The kids may be looking forward to summer vacation, but many are already looking ahead to the Fall and returning to school. School district boards, private school institutions, and online school companies are all considering their students’ safety regarding COVID and what restrictions may be in place by the time the new school year comes around.
Parents face many questions: What school district has the best reputation and resources? What will be most convenient for my family? Where will my child be the happiest? These are already difficult questions for any parent, but divorce can make them harder. How do you make these challenging decisions?
When in Agreement
The ideal situation is when both parents agree on the best educational environment for their children and where to find it. Talking the matter through and considering the child’s developmental and educational needs and each parent’s goals can be difficult after divorce but is possible in some situations. You still want to ensure that the agreed-upon educational plan is put in writing and made legally binding. If additional changes or revisions are requested later that one parent does not agree to, a written statement can come in handy.
Whether agreeing to an educational plan for your family ahead of time or seeking family court help, it is important to consider each parents goals and the child’s basic needs. Of course, the well-being of the child always comes first, but it may lead to a situation that is inconvenient or even disruptive for the other parent. For example, the school that one parent prefers may be too far of a drive for the other who must pick up their child after school several days out of each week or month. Taking into consideration the reasonable goals and the child’s needs will lend toward the success of an educational plan.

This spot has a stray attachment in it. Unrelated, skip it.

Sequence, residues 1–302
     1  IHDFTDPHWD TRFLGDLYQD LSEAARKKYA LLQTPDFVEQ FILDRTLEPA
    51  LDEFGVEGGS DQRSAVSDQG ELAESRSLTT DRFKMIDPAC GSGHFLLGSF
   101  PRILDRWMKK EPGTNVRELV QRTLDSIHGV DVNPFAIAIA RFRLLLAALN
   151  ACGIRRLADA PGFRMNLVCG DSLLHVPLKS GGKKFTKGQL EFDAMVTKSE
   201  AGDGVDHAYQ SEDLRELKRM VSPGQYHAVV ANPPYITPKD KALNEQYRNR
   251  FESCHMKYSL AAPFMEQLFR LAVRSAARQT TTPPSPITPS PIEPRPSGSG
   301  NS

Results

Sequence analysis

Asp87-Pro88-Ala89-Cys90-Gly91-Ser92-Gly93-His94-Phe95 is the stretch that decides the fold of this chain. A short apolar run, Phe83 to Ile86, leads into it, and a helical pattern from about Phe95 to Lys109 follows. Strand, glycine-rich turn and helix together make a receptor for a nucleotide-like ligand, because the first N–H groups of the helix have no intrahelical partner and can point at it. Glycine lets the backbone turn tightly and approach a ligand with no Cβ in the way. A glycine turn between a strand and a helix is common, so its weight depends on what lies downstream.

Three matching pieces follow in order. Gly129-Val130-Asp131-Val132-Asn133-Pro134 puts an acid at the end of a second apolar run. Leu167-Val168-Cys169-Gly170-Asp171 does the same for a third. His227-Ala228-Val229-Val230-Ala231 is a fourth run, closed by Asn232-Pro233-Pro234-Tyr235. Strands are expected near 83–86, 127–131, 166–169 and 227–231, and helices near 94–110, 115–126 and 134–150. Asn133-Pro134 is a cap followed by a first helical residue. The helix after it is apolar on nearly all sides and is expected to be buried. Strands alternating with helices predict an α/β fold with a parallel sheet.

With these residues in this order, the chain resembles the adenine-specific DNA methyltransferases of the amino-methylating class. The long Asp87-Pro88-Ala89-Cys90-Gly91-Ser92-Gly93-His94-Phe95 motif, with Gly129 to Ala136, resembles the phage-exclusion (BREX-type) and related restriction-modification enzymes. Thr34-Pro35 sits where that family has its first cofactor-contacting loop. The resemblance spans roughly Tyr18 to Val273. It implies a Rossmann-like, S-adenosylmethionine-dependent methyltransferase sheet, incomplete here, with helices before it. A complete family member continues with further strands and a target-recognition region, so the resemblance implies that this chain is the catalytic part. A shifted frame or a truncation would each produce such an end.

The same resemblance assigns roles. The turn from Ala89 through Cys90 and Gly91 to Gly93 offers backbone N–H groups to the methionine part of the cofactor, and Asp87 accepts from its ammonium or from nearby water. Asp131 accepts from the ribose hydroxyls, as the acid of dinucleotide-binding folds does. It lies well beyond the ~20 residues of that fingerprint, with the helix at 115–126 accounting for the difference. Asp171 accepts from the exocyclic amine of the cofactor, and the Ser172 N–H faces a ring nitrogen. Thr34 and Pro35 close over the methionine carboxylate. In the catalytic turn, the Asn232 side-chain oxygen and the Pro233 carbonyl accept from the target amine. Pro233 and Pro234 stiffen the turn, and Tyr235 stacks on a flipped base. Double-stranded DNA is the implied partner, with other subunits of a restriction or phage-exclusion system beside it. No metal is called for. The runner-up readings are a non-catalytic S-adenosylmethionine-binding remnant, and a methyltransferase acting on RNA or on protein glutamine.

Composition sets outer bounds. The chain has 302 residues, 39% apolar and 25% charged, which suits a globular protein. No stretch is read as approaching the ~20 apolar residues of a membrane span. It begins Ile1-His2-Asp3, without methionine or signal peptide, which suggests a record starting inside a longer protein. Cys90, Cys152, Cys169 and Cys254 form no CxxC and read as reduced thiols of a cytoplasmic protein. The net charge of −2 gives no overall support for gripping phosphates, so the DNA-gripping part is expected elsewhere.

Type of Custody
If a parent has sole legal custody of the children, the other parent’s concerns may not be considered in the educational environment that is ultimately implemented. Even if the other parent has visitation and other custodial rights, if the sole legal custodial rights are awarded to one parent, that parent will typically be allowed to make educational decisions on behalf of the children.
Joint legal custody allows both parents to participate in the educational decision on behalf of their children. The court assumes that both parents can, and will, make decisions that are in the best interests of their children, but that is not always the case. Unfortunately, sometimes taking the matter to family court can help decide what is best for the children.
When the Court Decides
In family court, each parent will have an opportunity to present the reasons why their educational decision would be in the child’s best interests.
This ordeal can be stressful for many parents, and the representation of an experienced family law attorney, such as R. Leigh Frost, can make the process much easier. A lawyer knows how best to present your case to the court. The SchindelSegal Law Firm may be able to help. Call (952) 358-7400 to schedule a consultation with Ms. Frost today.